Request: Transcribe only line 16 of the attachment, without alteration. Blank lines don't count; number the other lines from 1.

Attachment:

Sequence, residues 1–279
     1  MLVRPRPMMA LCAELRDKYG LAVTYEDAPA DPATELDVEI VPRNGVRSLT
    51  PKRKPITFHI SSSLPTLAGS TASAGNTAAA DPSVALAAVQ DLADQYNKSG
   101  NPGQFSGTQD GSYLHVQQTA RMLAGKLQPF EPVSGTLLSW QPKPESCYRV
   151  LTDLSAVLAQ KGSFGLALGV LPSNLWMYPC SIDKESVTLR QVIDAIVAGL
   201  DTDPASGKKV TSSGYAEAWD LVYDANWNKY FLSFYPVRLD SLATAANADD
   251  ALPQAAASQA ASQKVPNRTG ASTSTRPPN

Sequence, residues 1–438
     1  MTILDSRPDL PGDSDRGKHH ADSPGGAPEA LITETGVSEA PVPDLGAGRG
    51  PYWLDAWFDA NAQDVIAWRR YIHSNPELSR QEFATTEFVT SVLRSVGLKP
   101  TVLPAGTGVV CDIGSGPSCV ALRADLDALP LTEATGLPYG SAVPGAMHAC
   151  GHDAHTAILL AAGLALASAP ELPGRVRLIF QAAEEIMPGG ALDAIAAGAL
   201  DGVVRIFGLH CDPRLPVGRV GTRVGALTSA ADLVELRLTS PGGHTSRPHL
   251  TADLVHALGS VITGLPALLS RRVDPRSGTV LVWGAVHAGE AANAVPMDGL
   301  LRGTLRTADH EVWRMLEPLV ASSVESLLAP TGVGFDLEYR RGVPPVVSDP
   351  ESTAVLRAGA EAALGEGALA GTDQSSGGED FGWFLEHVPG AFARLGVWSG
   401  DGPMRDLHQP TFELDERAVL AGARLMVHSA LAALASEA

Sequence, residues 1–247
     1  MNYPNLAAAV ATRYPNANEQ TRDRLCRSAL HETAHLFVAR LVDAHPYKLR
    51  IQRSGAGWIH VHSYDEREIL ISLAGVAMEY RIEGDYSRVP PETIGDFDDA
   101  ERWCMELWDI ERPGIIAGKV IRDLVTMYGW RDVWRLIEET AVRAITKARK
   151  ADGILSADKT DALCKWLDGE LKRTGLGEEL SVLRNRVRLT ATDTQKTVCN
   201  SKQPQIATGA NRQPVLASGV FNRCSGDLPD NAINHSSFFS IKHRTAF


   351  ESTAVLRAGA EAALGEGALA GTDQSSGGED FGWFLEHVPG AFARLGVWSG